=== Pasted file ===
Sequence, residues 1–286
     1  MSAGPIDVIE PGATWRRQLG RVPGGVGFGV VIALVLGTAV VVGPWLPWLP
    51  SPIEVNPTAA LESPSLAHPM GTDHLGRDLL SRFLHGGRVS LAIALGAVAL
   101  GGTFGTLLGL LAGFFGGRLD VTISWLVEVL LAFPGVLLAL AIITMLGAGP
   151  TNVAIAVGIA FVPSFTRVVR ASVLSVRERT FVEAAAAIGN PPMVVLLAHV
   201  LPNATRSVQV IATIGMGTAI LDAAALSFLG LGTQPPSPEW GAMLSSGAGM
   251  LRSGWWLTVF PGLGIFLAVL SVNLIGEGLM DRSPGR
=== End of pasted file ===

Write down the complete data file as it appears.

Sequence, residues 1–286
     1  MSAGPIDVIE PGATWRRQLG RVPGGVGFGV VIALVLGTAV VVGPWLPWLP
    51  SPIEVNPTAA LESPSLAHPM GTDHLGRDLL SRFLHGGRVS LAIALGAVAL
   101  GGTFGTLLGL LAGFFGGRLD VTISWLVEVL LAFPGVLLAL AIITMLGAGP
   151  TNVAIAVGIA FVPSFTRVVR ASVLSVRERT FVEAAAAIGN PPMVVLLAHV
   201  LPNATRSVQV IATIGMGTAI LDAAALSFLG LGTQPPSPEW GAMLSSGAGM
   251  LRSGWWLTVF PGLGIFLAVL SVNLIGEGLM DRSPGR